stress


Some people criticize others out of loving concern. These are not the people who bother me. No, it is the people who are “professional critics” and thus seem almost incapable of saying anything nice or loving to others that really mess with my serenity. It this bunch that seem to enjoy nothing more than attacking and judging others.

Over the past 24 hours (from the time I’m writing this entry) I’ve dealt with one very critical person via e-mail. He asked for a business-related favor and I set a boundary: I said no. If that point forward he has threaten to harm the business I own and to damage my reputation. Yes, those kind of threats mess with my serenity!

When dealing with “professional critics” like the guy I just described, I remember a quote I heard for the first time many years ago. It was part of a 12 Step presentation on the problem of resentment. Resentment is an issue that I would like to deal with in detail in other entries. The bottom line about being resentful against hateful critical comments is I really don’t have to let the person or their comments threaten my recovery from addiction. I have a choice! Here’s a quote that strengthens my commitment to not allow myself to be shaken by critics: “Criticism is the unconscious tribute that mediocrity and stupidity pay to greatness. So when you get criticized don’t get mad, just take
a bow!” The source of this gem is the late Bishop Fulton Sheen.

Just for today I really CAN CHOOSE to “take a bow” when I’m criticized, instead of using food to stuff down the pain/anger/resentment caused by hate-filled words. I also recently realized that most “professional critics” are little more than bullies. They use words instead of fists to harm others. I have no respect for these or any kind of bully.

CHEW ON THIS…

Giving into our double-sided addiction of over-eating and under-exercising does NOT accomplish anything worthwhile. It certainly does NOT harm those who attempt to harm us. JUST FOR TODAY I wont allow others steal my serenity, threaten my recovery or cause me to want to harm myself.

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I came sooooo close to OVEReating last night! Thanks to God’s marvelous grace I was able to remain faithful to following my food plan — as written — during and beyond the “crisis” (e.g., the period of over 30 minutes when I wanted BADLY to eat more out of obsession than actual physical hunger).

The “crisis” involved my mental obsession to eat a medium size Ice Cream Cone dipped in Chocolate that I wanted to purchase at the Dairy Queen located around the block from the laundromat I was using. Because I ollow Weight Watchers POINTS Food Plan, NO food is “off limits”.So the three questions I pondered that helped to convince me to NOT eat the DQ treat were…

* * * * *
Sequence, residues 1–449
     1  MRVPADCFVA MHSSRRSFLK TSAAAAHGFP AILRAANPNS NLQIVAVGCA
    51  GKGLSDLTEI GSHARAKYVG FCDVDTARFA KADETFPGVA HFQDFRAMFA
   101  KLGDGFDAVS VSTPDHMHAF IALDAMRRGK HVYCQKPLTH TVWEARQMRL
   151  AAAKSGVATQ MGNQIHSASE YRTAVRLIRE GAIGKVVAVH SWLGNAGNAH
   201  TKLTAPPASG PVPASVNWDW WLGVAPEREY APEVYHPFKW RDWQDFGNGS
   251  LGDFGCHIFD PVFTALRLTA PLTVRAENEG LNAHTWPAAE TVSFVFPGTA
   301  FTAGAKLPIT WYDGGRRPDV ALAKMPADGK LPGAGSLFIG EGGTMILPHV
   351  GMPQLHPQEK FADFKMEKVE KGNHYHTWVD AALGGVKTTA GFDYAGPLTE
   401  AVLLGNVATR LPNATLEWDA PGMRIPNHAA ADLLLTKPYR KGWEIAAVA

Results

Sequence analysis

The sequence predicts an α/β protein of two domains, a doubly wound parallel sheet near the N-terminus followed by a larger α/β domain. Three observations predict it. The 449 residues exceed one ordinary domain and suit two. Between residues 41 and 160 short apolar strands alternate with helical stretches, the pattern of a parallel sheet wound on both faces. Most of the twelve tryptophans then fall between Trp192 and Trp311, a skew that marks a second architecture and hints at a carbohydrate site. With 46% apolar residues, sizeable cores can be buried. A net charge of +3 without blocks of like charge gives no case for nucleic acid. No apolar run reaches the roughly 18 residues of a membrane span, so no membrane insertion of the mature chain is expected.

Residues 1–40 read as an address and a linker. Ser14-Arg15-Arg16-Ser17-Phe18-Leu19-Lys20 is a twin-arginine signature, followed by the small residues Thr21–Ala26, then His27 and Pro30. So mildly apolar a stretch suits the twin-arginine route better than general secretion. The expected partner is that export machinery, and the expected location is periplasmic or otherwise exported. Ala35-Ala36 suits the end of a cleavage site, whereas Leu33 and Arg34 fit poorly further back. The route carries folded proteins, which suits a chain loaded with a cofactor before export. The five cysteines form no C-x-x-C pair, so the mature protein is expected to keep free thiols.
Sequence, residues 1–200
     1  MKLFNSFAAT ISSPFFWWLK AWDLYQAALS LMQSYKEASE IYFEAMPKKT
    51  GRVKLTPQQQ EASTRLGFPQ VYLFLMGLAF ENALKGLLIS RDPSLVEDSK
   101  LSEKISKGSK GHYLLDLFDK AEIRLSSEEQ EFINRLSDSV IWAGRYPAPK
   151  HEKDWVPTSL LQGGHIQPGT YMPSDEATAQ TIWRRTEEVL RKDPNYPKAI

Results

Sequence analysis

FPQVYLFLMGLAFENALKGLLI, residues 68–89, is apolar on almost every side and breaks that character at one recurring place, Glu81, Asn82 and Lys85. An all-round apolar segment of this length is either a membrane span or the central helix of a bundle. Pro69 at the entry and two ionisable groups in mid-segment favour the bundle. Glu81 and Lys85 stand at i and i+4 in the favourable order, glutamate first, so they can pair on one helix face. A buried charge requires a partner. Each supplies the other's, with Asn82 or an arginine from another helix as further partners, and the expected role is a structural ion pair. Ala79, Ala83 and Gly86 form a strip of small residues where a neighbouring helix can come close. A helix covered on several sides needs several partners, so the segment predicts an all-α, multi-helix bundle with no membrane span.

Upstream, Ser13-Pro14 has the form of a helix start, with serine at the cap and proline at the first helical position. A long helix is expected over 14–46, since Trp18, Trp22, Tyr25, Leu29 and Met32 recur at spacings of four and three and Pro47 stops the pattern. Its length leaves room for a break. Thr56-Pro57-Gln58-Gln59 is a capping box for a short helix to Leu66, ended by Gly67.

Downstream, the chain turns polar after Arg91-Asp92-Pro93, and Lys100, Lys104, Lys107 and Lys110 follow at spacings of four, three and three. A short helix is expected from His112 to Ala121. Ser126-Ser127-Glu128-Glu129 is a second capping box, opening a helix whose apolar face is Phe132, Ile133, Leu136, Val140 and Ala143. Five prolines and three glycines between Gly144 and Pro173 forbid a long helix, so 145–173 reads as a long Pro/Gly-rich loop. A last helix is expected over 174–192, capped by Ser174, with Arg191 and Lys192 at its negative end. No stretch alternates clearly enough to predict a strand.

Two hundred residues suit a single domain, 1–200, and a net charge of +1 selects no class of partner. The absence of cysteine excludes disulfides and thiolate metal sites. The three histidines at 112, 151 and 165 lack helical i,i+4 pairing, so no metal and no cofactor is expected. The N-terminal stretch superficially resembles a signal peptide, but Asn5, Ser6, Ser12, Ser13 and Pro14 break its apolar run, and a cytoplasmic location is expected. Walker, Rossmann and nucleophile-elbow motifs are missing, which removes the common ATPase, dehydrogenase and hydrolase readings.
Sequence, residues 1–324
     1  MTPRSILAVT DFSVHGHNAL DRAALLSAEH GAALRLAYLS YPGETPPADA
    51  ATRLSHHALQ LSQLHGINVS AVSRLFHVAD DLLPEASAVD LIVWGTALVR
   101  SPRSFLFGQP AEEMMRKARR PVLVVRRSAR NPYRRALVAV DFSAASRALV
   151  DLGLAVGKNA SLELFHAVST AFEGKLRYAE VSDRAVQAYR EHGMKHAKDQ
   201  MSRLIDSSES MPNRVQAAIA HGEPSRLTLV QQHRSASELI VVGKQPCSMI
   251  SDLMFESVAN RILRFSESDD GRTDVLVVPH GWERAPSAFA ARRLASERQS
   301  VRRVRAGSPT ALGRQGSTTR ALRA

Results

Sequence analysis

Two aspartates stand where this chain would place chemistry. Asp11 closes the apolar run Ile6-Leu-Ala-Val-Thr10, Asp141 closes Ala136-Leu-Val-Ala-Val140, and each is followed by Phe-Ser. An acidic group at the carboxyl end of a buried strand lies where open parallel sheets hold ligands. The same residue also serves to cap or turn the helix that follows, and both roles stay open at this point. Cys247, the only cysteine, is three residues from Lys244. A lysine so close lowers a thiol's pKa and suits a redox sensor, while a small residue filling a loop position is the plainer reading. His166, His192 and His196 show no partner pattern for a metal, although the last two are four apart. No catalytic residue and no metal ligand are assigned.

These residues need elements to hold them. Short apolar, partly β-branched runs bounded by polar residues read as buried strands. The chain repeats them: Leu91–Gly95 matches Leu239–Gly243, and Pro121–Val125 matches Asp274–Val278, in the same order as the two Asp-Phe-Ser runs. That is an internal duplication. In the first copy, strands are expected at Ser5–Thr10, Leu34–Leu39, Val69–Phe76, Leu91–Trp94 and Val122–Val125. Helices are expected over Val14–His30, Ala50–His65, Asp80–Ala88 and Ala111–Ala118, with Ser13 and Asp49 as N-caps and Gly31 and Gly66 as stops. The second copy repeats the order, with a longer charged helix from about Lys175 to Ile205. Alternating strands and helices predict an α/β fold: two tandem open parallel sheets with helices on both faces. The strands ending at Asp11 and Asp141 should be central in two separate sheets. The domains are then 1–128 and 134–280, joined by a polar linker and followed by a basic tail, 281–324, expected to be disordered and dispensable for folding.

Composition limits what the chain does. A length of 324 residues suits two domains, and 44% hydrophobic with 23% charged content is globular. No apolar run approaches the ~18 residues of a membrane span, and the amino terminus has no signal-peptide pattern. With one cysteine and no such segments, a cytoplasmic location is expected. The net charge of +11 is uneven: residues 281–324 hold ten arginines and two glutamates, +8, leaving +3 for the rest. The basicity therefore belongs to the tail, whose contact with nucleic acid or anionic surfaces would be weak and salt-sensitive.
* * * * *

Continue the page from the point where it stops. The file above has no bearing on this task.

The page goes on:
• Do I have enough POINTS remaining for this day to “cover the cost” of the DQ item?

Since I didn’t know the POINTS value of the item I was obsessing about, I figured that (based on what I had already ate yesterday) I probably did NOT have enough remaining POINTS to cover the amount needed.

  • Was the likely amount of POINTS a “good investment” for a food item that has almost NO nutritional value?

Of course not! In general DQ food (both hot and cold) is pretty low in nutritional value and such is the case with the item I was craving last night.

  • For the number of POINTS I had remaining to consume yesterday, didn’t any other food appeal to me that wouldn’t cause me to spend more POINTS than I had?

YES!!!  It came to me what I could eat (a food I really liked, but wasn’t nuts-o about like I was the DQ item)…a Baked Potato topped with some 7/16 oz. of a fat-free sauce I had with me in my minivan was what I choose. The nutritional value of a potato is pretty impressive: they are a great source for Vitamin C, Vitamin B6, Iron and Niacin, Thiamin and Folate! So yes, potatoes have carbohydrates, but what’s wrong with that? We ALL (even us diabetics) NEED carbohydrates to live. The DQ cone I was lusting after had lots of carbs, but NO significant nutritional value.

I  thank God for the ability to STOP AND THINK BEFORE I eat insanely. I was able to THINK SANELY last night, instead of acting out. I know that it was God’s grace that gave me the ability to both think and act sanely!

Carbohydrate phoics will disagree with my choice of eating a baked potato. My comment: Who cares! It’s a choice my food plan allows me to make AND I ended up STAYING on my food plan just fine yesterday.

Apart from the foods involved in last night’s “crisis”, the more significant issue for me is HOW EMOTIONAL I GET WHEN IT COMES TO  FOOD!

  • The mere though of consuming DQ treats gets me aroused to the point of making me feel (sorry, I don’t know any word to describe the power of the obsession for some foods) what I call “horny”!
  • Thinking about NOT eating some foods (like DQ foods) can cause me to feel deep sadness (almost like it becomes a grief issue).